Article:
These perfect purveyors of super shimmer shoegaze have a well established fanbase in Norway, and my bet is that once this album makes it’s international debut, they will see their fuzzy fireworks rocket into the world beyond their own Aurora Borealis filled skies.

As a precursor to the album, Maribel published opening track, ‘And back in’, featuring Carmen Villain), up on free streaming site SoundCloud.

It is a trance inducing musical cloud, that wafts and winds it’s way through your soul, lifting your subconscious to another level, transcending the mortal and arriving in all it’s Technicolor psychedelic glory at some blissed out Nirvana.  Simple guitar arrangements, gauzy vocals and blurry synths, are brought together by hypnotic harmonies and acid-trip percussion.  This is dream-pop at it’s most “angel delight-ful”.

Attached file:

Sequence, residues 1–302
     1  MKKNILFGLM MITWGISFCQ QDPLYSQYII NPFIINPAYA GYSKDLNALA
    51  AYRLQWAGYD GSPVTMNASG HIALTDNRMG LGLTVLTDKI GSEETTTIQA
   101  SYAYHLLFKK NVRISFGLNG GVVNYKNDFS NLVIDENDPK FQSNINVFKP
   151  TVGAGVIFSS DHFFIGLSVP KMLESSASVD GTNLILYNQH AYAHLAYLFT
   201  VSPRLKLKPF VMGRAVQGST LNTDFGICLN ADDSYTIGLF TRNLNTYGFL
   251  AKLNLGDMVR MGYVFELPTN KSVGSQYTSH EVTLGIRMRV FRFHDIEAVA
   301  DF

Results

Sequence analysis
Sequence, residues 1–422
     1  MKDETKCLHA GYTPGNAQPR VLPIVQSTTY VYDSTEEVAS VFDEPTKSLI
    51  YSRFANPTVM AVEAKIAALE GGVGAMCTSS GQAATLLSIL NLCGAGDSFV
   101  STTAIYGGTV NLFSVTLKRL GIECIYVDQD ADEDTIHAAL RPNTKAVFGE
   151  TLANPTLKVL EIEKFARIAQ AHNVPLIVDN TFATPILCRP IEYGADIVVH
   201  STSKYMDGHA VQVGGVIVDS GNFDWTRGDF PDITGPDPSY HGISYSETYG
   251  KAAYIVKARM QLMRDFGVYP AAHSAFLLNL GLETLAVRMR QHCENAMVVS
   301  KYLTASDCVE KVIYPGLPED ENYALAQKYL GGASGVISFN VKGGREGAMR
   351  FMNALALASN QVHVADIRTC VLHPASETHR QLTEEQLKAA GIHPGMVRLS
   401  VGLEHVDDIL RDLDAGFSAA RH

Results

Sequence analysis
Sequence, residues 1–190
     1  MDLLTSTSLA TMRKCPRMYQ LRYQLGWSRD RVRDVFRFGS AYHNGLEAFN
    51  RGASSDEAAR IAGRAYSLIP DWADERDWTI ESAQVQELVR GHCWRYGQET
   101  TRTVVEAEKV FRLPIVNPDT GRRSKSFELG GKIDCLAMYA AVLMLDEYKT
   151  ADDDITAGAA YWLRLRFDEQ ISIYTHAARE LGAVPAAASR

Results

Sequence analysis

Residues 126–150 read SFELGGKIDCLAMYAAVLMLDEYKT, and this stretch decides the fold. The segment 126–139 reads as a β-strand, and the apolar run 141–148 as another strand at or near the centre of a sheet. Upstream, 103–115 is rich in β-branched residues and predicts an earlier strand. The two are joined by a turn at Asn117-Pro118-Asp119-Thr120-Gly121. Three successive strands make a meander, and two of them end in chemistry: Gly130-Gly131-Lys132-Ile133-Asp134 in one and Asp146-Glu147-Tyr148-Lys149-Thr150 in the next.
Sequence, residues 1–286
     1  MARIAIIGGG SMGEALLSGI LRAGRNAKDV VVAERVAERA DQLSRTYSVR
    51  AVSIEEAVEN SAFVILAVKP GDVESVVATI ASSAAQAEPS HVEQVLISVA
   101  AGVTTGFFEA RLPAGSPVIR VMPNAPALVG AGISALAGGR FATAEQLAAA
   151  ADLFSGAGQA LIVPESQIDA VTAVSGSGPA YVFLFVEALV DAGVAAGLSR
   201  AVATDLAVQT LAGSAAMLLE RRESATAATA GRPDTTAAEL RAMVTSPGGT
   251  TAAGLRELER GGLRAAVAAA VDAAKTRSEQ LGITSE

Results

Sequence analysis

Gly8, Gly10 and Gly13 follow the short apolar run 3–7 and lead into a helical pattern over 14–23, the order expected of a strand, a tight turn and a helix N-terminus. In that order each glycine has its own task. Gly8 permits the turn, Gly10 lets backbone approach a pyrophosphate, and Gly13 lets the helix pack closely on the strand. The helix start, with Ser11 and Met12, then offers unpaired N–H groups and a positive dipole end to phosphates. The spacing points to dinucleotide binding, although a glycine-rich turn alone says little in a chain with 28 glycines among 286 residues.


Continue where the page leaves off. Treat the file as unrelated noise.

Stay tuned here for an upcoming feature on Maribel & Dirty/Clean.

You can follow Maribel on SoundCloud – here – Twitter – here – and Facebook  – here.

We all have our Moments, especially Tove Lo

Still from the Tim Erem Video for 'Moments'
Still from the Tim Erem Video for ‘Moments’

If you were to put ‘Tove Lo’ into a dictionary, what would the definition be? Undefinable I’d wager, or very, very long!

Brutally honest, genuinely talented and hugely enigmatic, the ever subversive Tove Lo can’t be easily boxed off. She has too many edges; there are too many angles. Neither her persona nor her work are simply straightforward enough to be comfortably classified. In that regard, I find her highly reminiscent of Pink: another feisty lady who has continued steadfastly to circumvent convention and play it her own way.